I have posted a little about my oldest child, and about my youngest. But I also have a middle child; a long-haired free spirit of a person who is not scared of anything, except dogs. Daisy is happy to tell me, her father, either grandfather, both grandmothers or any other adult she encounters, that in her opinion, they are wrong. She climbs to the highest rung of any climbing frame and sits there like a pirate in the rigging. She loves to swing upside down, dress up, play Barbies, paint, eat chocolate, make me “cakes” in the sandpit, listen to stories, ride her bike and help in the kitchen. She is a whirling dervish of a personality, whose determination scares the living daylights out of me. Her qualities will be admirable when she’s an adult, but packaged as they are in the body of a four-year-old, they are pretty daunting.
I should have known from word go. Daisy surprised us by arriving while her father was downstairs de-icing the car in preparation for the journey to the hospital. By the time he had wended his way back upstairs, having paused to give neighbours updates on our progress, a little girl had joined us – in a big hurry. From the start she slept well, ate well, coughed loudly and dramatically, smiled hugely and embraced us all in a big rush of love.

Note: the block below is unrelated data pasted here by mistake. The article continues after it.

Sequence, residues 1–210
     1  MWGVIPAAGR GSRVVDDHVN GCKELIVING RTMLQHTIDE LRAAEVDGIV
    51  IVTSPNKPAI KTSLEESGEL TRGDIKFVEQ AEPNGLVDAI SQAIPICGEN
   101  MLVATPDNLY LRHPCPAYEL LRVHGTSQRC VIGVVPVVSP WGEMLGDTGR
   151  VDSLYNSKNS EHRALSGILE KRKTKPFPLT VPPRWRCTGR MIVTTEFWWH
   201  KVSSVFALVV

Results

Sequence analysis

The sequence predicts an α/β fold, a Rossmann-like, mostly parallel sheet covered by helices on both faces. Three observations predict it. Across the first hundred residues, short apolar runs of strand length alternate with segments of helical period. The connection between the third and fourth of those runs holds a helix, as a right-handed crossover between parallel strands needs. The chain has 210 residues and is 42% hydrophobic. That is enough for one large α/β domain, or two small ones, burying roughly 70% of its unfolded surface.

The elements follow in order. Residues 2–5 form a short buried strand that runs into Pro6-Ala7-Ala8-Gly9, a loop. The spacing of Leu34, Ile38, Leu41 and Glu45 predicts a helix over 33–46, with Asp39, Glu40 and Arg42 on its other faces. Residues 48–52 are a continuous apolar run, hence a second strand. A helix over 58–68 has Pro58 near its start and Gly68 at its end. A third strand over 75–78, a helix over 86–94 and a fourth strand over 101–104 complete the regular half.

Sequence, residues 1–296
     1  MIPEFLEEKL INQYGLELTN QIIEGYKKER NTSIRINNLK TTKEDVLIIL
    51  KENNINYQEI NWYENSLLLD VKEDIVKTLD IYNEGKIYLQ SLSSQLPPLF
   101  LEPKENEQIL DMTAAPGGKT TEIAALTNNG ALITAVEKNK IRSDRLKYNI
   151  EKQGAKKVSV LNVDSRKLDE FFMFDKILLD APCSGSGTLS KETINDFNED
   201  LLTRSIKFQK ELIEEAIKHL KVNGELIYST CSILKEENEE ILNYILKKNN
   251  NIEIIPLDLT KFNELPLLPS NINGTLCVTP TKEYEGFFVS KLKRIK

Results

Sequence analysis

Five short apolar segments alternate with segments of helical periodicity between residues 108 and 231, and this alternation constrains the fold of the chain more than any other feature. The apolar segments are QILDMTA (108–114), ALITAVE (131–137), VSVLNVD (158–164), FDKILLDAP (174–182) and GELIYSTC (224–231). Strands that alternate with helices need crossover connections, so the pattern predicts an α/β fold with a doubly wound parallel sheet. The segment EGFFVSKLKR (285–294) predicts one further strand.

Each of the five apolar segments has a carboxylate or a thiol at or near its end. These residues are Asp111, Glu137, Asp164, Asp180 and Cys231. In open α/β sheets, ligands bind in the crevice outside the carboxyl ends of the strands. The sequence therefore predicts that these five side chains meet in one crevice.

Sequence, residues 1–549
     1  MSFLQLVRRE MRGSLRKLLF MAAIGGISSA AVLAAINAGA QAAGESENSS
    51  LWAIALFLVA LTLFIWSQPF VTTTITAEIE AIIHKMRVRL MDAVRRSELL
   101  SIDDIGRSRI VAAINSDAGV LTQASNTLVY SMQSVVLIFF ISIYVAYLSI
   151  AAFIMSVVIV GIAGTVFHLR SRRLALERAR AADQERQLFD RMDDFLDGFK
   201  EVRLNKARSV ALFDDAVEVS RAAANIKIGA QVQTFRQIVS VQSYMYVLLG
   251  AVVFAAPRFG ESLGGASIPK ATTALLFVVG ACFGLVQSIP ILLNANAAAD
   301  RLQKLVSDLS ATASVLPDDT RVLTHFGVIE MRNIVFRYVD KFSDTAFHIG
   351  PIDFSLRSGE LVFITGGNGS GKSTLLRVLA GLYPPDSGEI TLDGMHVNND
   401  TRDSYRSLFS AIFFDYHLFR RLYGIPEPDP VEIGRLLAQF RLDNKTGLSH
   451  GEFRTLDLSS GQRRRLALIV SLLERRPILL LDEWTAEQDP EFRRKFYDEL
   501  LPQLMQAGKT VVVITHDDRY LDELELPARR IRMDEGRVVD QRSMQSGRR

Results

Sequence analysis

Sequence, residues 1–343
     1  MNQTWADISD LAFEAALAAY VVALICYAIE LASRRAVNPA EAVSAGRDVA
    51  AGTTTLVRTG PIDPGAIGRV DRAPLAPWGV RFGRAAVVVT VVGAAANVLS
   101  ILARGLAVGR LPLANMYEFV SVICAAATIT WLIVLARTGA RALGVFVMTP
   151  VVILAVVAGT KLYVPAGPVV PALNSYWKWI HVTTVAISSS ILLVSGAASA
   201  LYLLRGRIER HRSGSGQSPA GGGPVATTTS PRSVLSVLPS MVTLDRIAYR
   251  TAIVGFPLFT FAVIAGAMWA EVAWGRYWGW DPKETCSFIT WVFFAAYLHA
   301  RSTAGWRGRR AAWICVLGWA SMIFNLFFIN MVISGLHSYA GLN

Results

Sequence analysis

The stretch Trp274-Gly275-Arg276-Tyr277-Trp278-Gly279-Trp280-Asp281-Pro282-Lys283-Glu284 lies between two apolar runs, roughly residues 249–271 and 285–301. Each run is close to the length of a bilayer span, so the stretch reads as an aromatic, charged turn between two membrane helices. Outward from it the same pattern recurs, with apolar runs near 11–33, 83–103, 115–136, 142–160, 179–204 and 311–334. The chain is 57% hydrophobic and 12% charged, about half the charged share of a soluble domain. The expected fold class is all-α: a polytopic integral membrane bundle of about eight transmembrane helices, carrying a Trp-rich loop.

Eighteen months ago, she went from being our baby to being our middle child. She adores her baby brother, and endures his nose-twisting and hair-pulling without lashing back. She lets him chew on her Barbies and pull all her toys onto the floor. For the first year of his life, she took out her frustrations on being usurped as family baby on me – temper tantrums, sudden inability to put on socks, needing to be carried along with the baby and the shopping, wanting to be fed, and other forms of fairly typical but nevertheless exhausting irrationality. Her other target was her big sister, whom she bit, hit, scratched and generally tormented.
Both forms of behaviour are gradually easing off, which is a relief for all of us. She likes to be a princess, and she is happiest if she has one adult in service (two would be better) who she can order about. At social occasions, she tends to find a victim, invariably an adult man, whom she flatters to distraction with her attention until he makes for the hills. Last week at a lunch in England, she latched onto one of Tom’s uncles, even following him to the loo and thumping on the door until he came out.
She is a BIG personality, but is caught in that invidious middle child trap of not being one or the other. She’s not the oldest, so she’s not as advanced, and she’s not the youngest, so she’s not as cute. We are trying to focus on what her skills really are and who she is, instead of of falling back into the categories of not-big and not-small.
I’m not a middle child and neither is my husband. Very few of my friends are. But I notice that there seems to be a hunger about middle children, as if what life has served up is never quite satisfying enough. Daisy tends to want more: more fun, more chocolate, more TV, more daylight hours, more Barbies, more of Mummy. I hope we can channel her hunger towards positive achievements (right now, her goal is to be an acrobat in a circus, with time off during the quiet months to be a pop star), meet her needs and satiate her with enough love. She is going to make one hell of an interesting grown-up.